FOR THE WEEK OF MAR. 18, 2019
Federal case accuses 33 parents and others of cheating to get students into colleges
Share a quote from an update or column about this case.
Summarize any other education story.
Now find a different example of economic privilege or income inequality.
You already know how ultra-competitive the college admission process can be. Now a dramatic criminal case shows the extreme steps some wealthy parents take to get their children into elite universities. Federal prosecutors charge 33 parents and 17 others in a bold scheme to buy freshman class spots at Yale, Stanford, Georgetown, UCLA, the University of Southern California, the University of Texas and other big-name campuses. Defendants include two high-profile actresses – Felicity Huffman and Lori Loughlin – and prominent business leaders from law firms, tech companies and the financial field.
They're accused of bribery and fraud to get their kids into highly selective schools. Some allegedly paid coaches to say teens were recruits for sports that the students didn't even play. Others allegedly paid SAT and ACT administrators to let someone smarter take tests, or bribed proctors to correct wrong answers. Another tactic was to allow more exam-taking time. About $25 million changed hands, say authorities, who also charged coaches and admissions officials with taking bribes and committing fraud. No students or universities are charged, and it's unclear if undergraduates who benefited will be allowed to stay enrolled.
The scheme's alleged leader, who's cooperating with authorities, is William Singer, founder of a college prep business called the Edge College & Career Network. He pleaded guilty last week to racketeering conspiracy, money laundering conspiracy, conspiracy to defraud and obstruction of justice. Singer offered parents "a side door" to college acceptance, he said in court.
The case, called Operation Varsity Blues, was investigated by 200 FBI agents in six states. The scheme, which began at least seven years ago, was discovered accidentally by undercover agents working on something else about a year ago. That tip led to a sprawling, nationwide corruption probe that's the largest college admissions prosecution ever. "The parents are the prime movers of this fraud," says Andrew Lelling, the top federal prosecutor in Massachusetts, who announced the charges last week. "The real victims in this case are the hardworking students . . . [displaced by] far less qualified students and their families who simply bought their way in. . . . This case is about the widening corruption of elite college admissions through the steady application of wealth combined with fraud." Front-page New York Times coverage says the case announced last week is "stunning in its breadth and audacity," and shows "how college admissions have become so cutthroat and competitive that some have sought to break the rules."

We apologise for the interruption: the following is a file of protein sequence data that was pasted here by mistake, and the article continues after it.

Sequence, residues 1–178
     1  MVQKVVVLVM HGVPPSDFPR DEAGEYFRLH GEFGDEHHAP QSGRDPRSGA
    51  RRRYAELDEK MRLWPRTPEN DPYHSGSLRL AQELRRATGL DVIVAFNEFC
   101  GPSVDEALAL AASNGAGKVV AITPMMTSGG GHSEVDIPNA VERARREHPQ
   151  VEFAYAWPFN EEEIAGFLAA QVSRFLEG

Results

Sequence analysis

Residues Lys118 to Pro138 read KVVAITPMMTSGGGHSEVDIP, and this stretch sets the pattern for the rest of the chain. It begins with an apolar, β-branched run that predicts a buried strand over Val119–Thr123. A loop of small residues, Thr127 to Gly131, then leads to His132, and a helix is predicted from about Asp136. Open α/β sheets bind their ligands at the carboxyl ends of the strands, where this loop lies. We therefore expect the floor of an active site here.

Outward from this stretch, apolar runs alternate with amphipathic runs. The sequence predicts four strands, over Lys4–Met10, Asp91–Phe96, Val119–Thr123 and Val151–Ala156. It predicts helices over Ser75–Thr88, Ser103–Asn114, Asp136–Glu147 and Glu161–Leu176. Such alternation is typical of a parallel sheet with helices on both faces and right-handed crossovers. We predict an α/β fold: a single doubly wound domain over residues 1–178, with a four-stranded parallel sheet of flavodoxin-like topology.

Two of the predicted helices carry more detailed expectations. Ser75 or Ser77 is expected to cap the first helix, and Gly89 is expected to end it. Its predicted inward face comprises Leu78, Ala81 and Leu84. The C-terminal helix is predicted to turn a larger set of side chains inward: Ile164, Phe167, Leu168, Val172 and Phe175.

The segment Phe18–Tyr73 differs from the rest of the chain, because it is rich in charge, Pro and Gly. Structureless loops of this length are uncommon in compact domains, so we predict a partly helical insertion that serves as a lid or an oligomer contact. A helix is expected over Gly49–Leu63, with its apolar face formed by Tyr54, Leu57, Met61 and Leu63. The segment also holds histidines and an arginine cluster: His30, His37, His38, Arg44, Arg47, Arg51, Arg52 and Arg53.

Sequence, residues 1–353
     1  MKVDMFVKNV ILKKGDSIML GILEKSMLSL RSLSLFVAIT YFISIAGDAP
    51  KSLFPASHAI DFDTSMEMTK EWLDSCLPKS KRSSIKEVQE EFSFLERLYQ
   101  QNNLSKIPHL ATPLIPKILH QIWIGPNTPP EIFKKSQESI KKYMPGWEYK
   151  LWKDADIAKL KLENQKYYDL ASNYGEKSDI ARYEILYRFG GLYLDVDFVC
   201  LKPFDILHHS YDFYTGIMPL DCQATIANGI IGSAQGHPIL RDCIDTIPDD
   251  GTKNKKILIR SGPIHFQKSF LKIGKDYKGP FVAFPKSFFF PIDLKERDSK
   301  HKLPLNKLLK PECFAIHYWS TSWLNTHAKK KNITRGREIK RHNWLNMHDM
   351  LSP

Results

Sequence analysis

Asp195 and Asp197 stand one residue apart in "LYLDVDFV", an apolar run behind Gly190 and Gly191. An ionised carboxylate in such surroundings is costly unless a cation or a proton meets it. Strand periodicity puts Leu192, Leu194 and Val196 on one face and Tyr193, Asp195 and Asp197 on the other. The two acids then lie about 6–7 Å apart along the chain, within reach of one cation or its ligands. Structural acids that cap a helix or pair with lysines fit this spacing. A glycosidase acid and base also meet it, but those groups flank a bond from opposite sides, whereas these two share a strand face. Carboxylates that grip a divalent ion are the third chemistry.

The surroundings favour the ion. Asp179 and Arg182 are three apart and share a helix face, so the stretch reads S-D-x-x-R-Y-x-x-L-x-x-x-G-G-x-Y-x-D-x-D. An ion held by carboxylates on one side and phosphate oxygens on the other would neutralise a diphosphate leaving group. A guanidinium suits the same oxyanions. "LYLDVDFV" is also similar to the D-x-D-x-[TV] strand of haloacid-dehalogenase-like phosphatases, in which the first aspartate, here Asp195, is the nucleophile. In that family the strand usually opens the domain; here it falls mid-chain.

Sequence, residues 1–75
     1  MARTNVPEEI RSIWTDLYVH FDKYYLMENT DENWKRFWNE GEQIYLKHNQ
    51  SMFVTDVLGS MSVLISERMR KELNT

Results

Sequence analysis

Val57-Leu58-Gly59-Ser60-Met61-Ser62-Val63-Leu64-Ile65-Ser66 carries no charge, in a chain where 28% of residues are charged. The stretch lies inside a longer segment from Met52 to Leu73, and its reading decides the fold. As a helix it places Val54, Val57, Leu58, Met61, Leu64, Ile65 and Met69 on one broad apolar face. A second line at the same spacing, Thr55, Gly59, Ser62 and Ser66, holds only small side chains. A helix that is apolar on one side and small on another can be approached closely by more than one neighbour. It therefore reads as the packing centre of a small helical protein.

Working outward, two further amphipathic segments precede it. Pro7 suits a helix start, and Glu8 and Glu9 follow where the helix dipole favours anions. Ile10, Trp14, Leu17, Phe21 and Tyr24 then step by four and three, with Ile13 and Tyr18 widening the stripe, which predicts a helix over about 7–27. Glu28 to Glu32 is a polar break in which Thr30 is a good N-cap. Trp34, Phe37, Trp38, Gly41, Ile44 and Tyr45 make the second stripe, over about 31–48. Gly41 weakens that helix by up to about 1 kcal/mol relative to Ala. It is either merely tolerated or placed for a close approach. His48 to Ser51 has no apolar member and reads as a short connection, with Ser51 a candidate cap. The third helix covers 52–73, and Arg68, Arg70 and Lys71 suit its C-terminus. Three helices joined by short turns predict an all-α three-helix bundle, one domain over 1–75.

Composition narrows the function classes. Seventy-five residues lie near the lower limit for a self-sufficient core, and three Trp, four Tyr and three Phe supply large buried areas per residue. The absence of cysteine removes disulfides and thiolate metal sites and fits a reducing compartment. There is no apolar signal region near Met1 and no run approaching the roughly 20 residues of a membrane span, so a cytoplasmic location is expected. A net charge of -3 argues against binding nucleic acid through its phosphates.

Prosecutor says: "There can be no separate college admissions system for the wealthy." -- Andrew Lelling, U.S. Justice Department chief attorney in Boston
High school senior says: "It's frustrating that people are able to obtain their opportunities this way. We can put in work from fifth grade to 12th grade, every single day, come in early, leave late and it's still not enough. . . . You work every day, they still find a way." – Khiana Jackson, 17, of Kansas City, Mo.
Editorial says: "This is infuriating for parents and students who chose to play by the rules in seeking college admission — or had no choice but to do so." – The New York Times
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